Crunch was her successor after someone just dropped him off in front of the lodge. His residency was shortened after he devoured half of a 44-pound roast beef. Crunch was notorious for his kitchen thievery; at Christmas, he was caught stealing 121 of the chef’s freshly roasted ducks. Some say that’s where he got his name. After it was decided that Crunch had to go there was a Save-O-Crunch campaign by some staff members with notes stuck all over the kitchen. Finally, one of the staff members found him a good home on a farm, ending his reign of theft and tyranny over the chef.

Casey entered the picture and stole the hearts of the inhabitants of the Summit. Schatzie immediately took to her new little companion, and both of them would lie together on the rug in the lobby, or near the living room fireplace and accept the multitude of pats and scratches from admiring guests.

When Schatzie passed away in the summer of 1987, an immediate search was on for another Saint. When a breeder in Connecticut was found, Innkeepers Bill and Loon Bauer (the Summit’s present Innkeepers) drove down to select a puppy. They returned with a beautiful 8 week old female, and the task of naming her was at hand. They decided to hold another contest, since it worked so well before. From the many entries, the name Heidi was chosen for the new puppy. Casey and Heidi took up their post at the front desk, greeting guests, accepting hugs and ear scratches from anyone who walked by, and joining in the manager’s cocktail parties in the living room for some hors d’oeuvres hand outs.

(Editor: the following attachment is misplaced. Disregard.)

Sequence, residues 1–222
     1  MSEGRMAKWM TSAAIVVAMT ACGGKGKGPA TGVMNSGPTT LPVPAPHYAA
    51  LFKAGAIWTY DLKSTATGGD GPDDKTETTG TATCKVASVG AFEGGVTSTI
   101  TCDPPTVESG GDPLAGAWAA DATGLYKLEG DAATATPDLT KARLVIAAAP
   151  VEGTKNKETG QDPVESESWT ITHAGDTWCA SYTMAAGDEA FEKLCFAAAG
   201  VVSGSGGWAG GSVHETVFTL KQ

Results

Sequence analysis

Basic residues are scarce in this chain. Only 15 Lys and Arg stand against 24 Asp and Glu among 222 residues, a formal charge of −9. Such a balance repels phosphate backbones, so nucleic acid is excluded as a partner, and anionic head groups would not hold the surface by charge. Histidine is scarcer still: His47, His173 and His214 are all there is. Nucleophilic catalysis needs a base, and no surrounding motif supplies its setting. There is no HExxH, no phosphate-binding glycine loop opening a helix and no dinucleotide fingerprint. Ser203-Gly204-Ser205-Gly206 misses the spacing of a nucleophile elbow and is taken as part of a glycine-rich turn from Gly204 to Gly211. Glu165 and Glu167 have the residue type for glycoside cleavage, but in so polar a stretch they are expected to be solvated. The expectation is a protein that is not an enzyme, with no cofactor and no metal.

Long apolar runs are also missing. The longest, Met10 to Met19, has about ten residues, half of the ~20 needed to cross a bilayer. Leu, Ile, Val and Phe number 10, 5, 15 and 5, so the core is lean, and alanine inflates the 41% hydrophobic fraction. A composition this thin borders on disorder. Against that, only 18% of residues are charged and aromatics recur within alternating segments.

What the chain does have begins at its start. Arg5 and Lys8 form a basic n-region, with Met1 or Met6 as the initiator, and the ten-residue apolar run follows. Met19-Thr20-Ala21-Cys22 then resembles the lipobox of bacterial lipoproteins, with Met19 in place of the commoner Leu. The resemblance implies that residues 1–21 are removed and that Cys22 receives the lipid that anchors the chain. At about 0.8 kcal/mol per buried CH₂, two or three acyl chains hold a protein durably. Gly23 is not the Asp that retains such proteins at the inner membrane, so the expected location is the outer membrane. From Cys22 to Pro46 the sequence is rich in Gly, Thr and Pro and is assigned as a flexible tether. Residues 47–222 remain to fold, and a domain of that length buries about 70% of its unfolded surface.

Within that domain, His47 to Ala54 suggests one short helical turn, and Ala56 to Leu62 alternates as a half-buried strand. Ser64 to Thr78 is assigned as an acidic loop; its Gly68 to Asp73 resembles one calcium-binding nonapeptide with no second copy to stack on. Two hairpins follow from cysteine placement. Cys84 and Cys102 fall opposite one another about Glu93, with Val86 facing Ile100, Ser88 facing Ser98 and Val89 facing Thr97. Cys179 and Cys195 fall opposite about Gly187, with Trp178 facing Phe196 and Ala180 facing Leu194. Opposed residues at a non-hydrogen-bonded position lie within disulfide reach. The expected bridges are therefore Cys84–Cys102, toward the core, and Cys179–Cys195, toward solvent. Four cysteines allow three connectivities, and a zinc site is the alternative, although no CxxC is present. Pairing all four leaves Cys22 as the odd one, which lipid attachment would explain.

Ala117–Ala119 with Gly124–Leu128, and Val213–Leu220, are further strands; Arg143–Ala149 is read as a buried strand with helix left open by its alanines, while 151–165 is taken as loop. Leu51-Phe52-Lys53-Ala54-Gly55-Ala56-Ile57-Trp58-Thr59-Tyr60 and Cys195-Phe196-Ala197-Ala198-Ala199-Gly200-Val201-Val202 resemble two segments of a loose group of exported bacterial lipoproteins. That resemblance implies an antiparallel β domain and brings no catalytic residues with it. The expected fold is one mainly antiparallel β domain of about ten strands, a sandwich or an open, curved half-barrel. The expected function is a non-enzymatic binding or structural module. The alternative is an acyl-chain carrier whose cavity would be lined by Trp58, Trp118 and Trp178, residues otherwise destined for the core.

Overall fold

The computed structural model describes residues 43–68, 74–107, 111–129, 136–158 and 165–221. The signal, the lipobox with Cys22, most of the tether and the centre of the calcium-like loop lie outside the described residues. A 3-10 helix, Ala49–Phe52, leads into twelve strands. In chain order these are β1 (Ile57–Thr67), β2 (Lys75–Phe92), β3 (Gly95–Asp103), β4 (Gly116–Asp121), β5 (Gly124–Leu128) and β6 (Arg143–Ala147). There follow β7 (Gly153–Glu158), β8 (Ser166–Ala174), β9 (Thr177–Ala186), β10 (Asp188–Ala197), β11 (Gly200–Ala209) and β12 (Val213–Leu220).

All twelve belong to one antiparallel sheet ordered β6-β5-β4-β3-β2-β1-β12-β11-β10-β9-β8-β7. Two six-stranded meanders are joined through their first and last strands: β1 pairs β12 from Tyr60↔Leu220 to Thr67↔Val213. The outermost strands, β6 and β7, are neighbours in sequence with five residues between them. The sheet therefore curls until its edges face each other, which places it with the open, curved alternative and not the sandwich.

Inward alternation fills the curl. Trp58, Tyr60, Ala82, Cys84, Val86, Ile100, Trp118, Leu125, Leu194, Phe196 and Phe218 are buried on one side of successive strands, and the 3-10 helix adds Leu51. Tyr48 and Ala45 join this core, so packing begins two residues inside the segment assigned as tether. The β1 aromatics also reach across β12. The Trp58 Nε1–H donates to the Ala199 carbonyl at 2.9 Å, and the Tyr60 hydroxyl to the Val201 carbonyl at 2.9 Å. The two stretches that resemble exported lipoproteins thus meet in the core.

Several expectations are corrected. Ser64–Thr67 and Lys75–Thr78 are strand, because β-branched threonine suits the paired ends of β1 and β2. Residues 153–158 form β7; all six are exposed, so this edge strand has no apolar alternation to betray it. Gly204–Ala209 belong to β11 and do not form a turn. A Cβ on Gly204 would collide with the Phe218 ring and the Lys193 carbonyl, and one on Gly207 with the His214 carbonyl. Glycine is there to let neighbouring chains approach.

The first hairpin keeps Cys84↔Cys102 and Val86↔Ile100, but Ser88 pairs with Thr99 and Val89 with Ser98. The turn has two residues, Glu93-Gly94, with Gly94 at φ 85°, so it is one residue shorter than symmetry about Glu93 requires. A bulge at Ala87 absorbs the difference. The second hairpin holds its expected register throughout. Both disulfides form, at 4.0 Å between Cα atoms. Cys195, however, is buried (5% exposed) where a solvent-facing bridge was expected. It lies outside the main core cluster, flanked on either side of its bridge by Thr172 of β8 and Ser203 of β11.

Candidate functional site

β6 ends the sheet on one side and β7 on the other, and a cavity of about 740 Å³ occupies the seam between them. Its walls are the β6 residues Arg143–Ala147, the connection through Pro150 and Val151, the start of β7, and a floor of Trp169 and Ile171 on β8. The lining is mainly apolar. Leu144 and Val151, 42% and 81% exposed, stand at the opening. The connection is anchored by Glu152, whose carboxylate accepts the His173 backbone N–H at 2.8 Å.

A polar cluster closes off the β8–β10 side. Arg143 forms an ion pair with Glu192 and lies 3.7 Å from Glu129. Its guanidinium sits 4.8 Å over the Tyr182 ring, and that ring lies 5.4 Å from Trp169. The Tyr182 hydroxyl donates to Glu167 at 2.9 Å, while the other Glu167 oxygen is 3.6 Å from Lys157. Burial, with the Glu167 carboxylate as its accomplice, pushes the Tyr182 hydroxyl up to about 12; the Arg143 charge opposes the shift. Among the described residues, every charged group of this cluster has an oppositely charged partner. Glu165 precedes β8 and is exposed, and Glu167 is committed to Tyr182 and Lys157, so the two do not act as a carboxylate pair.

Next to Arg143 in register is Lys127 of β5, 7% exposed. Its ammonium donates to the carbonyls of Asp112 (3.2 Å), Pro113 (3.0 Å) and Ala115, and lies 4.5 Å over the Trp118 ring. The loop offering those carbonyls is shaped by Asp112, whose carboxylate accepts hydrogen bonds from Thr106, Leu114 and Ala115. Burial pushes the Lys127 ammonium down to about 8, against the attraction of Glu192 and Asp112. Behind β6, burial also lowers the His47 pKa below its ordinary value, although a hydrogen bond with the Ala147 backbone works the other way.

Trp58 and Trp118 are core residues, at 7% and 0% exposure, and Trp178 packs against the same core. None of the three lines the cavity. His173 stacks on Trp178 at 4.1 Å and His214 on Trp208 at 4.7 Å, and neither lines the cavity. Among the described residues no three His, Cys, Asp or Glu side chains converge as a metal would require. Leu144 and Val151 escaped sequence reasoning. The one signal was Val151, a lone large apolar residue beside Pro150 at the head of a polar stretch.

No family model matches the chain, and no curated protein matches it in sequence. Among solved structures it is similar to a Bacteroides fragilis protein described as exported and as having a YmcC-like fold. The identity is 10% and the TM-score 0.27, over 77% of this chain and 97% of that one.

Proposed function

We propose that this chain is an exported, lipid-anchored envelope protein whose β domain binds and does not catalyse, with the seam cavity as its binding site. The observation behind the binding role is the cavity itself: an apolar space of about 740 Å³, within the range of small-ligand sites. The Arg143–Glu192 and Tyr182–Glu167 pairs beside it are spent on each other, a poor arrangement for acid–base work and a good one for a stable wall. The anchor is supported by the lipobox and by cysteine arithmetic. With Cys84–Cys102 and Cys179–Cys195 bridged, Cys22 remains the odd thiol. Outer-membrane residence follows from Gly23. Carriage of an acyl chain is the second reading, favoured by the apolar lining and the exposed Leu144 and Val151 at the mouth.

Later that same year, Casey, who suffered from serious hip problems, suddenly became much worse to the point where he could barely move. The difficult decision was made, and with not a dry eye in the lodge, Casey was brought to the vet for the last time. Casey’s magnificent face is now immortalized on the sweatshirts and tee shirts sold in the Summit’s gift shop.

Vermont sain bernards at Summit Lodge KillingtonWithin a month, a new breeder had been located and a new puppy and companion for Heidi was on the way… from North Dakota!! The new Saint Bernard, all of ten weeks old, flew by himself from Christine, North Dakota, and arrived safely in Boston to an anxiously waiting Bill and Loon. The Summit’s newest Saint Bernard, named Maxwell, learned the ropes quickly from Heidi, and the two of them were well-known fixtures in the lodge’s front lobby, accepting pats and hugs from all ages. Maxwell’s popularity led to the renaming of the Summit Lodge’s restaurant as Maxwell’s Restaurant. As fate would have it, Maxwell developed serious health problems and at the age of only six years old, was brought to the veterinarian for the last time.

Once again, Heidi was left alone to be the sole guest greeter. Shortly thereafter, Bill and Loon traveled to a breeder in Connecticut and picked out a new companion for her. The new puppy arrived at just 8 weeks old and took to his new surroundings and Heidi right away. Named Henry, he quickly won the hearts of everyone with his great personality and antics. Henry is truly a magnificent Saint Bernard and a real character.

Heidi passed away at the age of 10 (Saint Bernards seldom live much past ten years) and the despondent Henry found a new friend. Enter Abigail in November of 1997. Abigail was a mere 8 pounds and just 8 weeks old when she arrived at the Summit. She was an instant hit. The playful, friendly pup is growing quickly and awaits your attention at the Summit Lodge.

Schaefer was also known to be territorial when it came to other dogs on the property. During a wedding ceremony on the front lawn, he spied a neighbor’s German Shepherd sniffing around the far lawn. Forgetting his usual manners, he shot right through the middle of the wedding ceremony at full speed and chased the offender off the property.